The table above shows that the two years post-HY were associated with an increase in average recruit ratings in 8 out of 10. Again, there could be a lot of reasons for that, but in general recruiting appears to trend up after a school has a Heisman winner. Logically, having a Heisman winner shouldn’t hurt recruiting, and it clearly didn’t show any evidence of that here.

SEC Performance Rankings through Week 2

Using a straightforward approach of comparing points-per-play (PPP)on offense and defense, then calculating the difference, we can see how teams are doing overall. The difference was then standardized to give a sense of “distance” between teams beyond just that of ordinal ranking.

TeamPPP Differential
Alabama0.932
Florida0.668
Georgia0.540
Tennessee0.391
LSU0.317
Auburn0.069
MSU0.018
Arkansas-0.110
Ole Miss-0.168
Kentucky-0.415
Texas AM-0.504
USCe-0.540
Missouri-0.578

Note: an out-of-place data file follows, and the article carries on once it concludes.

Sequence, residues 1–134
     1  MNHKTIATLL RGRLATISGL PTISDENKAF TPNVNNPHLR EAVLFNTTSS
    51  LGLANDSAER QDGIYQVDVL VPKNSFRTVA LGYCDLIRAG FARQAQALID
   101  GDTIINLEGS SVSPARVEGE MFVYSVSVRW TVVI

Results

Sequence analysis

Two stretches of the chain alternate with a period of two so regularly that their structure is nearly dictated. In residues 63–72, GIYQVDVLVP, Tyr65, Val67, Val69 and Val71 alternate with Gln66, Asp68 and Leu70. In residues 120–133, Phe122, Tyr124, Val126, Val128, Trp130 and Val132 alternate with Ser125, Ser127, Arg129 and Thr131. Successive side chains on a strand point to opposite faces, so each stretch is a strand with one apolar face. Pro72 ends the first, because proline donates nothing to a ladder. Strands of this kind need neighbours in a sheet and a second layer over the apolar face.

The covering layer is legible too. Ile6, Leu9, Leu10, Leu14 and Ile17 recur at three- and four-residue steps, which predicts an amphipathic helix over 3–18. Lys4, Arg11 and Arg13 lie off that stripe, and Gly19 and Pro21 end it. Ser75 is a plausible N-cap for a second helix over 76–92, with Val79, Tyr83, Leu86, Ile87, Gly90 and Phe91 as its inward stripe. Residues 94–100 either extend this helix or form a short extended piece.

Vandy-0.621
Standardized PPP Differential

Below is how each team ranks in PPP overall, offensively, and defensively:

TeamRank overallOffensive RankDefensive Rank
Alabama114
Florida228
Georgia361
Tennessee453
LSU546
Auburn6112
MSU777
Arkansas8125
Ole Miss9314
Kentucky10812
Texas AM111011
USCe12913
Missouri131310
Vandy14149

Alabama is looking like a clear number one. Florida’s offense is humming, but need to shore up that defense. Georgia is very close to Florida overall and can easily pass them as the weeks go on. Tennessee is performing pretty good through 2 weeks as well.

Some looks at College Football Spending on Recruiting and Various Outcomes

Recently, an analysis of recruiting spending was put out (https://watchstadium.com/this-is-how-much-it-costs-to-land-one-of-college-footballs-top-recruiting-classes-07-24-2019/), and I thought it was excellent. It got me curious, so I used their data and ran a couple of correlations and plotted them. (I normalized all of the variables, correlation is below each graph).

4-star
r = .761

5-star
r = .766

2018 Class Ranking
(Recruiting ranking for 2018 – forgot to invert the scale) r = .641

2019 Class Rankings
Recruiting Rankings for 2019, r = .621

2019 win percentage